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In an attempt to answer that question, Transparency International, a Germany-based NGO that monitors corruption, has published an index ranking 183 countries according to how corrupt their public service is perceived to be. |
With protests surging around the world and demonstrators demanding greater accountability of their governments and leaders, the corruption index shows protesters' demands are well-founded, Transparency International concludes. "This year we have seen corruption on protestors’ banners be they rich or poor. Whether in a Europe hit by debt crisis or an Arab world starting a new political era, leaders must heed the demands for better government," writes the organization chair Huguette Labelle.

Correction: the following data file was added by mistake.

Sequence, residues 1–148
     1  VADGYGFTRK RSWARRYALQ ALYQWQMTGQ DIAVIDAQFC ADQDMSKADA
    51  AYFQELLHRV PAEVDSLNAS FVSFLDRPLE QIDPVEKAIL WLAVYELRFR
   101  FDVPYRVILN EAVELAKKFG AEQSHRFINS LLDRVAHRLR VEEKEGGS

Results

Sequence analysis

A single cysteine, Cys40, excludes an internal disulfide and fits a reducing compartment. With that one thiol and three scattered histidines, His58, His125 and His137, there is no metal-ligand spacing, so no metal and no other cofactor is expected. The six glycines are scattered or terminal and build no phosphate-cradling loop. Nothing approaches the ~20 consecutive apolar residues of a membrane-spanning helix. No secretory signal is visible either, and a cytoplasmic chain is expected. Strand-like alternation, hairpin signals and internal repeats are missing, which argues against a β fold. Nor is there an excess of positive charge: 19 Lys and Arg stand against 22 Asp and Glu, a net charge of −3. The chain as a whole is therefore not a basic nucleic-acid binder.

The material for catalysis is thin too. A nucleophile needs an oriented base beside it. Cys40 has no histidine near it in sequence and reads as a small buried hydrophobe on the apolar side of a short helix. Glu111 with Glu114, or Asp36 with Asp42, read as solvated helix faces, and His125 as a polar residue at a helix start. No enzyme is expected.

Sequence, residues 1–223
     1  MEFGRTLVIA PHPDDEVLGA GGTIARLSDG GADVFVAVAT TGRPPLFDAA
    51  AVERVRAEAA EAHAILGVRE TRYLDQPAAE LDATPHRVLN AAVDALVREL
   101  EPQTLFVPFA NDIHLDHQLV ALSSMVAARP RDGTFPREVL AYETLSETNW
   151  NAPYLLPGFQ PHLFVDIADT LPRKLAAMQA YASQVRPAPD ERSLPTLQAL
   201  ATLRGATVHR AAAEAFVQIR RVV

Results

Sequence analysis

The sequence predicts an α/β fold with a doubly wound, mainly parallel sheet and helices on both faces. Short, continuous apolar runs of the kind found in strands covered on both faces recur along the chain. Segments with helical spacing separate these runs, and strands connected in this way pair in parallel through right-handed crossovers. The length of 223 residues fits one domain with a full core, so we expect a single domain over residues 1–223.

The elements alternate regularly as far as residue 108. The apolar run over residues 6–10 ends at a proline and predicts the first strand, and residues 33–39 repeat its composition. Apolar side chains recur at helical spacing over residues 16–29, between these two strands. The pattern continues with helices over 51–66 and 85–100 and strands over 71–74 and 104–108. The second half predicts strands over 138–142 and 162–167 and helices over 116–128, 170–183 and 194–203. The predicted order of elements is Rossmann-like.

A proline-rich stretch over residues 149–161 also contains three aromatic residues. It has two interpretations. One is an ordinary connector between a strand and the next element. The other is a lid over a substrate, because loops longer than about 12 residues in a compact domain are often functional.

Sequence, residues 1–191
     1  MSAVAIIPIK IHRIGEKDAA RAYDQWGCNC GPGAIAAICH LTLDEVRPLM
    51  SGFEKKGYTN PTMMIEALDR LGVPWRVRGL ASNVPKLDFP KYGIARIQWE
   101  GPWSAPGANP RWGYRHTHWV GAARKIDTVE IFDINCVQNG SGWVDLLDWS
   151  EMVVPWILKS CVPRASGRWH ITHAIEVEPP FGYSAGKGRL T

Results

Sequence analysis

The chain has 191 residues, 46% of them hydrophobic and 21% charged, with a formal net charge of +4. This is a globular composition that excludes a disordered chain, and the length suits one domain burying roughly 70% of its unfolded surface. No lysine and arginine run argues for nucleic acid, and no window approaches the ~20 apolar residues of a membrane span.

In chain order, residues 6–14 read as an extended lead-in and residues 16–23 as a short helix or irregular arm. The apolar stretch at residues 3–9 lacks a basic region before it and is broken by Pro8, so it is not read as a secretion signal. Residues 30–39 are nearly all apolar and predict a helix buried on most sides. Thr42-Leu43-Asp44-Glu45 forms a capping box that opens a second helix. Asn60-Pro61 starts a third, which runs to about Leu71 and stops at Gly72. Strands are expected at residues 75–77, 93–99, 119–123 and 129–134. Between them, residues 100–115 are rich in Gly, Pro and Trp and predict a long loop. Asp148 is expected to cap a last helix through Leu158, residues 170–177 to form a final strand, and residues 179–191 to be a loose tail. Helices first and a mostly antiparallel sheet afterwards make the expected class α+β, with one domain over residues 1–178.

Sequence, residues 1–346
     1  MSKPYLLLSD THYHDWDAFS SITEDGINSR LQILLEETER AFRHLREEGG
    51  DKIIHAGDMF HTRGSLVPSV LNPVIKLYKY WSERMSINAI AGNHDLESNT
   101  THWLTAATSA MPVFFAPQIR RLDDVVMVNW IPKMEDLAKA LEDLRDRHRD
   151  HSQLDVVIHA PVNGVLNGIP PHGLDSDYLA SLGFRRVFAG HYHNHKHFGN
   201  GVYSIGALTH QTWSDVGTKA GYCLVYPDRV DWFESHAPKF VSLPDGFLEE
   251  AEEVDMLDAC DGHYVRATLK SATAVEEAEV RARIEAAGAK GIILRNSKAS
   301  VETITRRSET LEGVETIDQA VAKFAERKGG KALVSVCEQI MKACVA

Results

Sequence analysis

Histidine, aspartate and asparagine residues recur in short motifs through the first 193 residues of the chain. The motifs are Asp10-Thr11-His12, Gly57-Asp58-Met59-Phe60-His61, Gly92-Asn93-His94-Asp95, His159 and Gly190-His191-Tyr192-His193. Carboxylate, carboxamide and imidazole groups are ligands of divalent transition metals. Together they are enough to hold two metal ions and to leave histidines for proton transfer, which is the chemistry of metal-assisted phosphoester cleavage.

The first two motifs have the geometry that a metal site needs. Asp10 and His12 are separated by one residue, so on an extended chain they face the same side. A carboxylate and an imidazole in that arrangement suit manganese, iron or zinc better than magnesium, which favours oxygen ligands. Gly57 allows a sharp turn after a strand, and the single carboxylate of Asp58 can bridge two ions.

"2011 saw the movement for greater transparency take on irresistible momentum, as citizens around the world demand accountability from their governments. High-scoring countries show that over time efforts to improve transparency can, if sustained, be successful and benefit their people," Transparency International Managing Director Cobus de Swardt added.
According to the index, New Zealand is seen as the least corrupt country in the world, with Finland and Denmark tied for second place.
Can you guess which countries ranked last? Take a look in the pictures below to see if the results surprise you.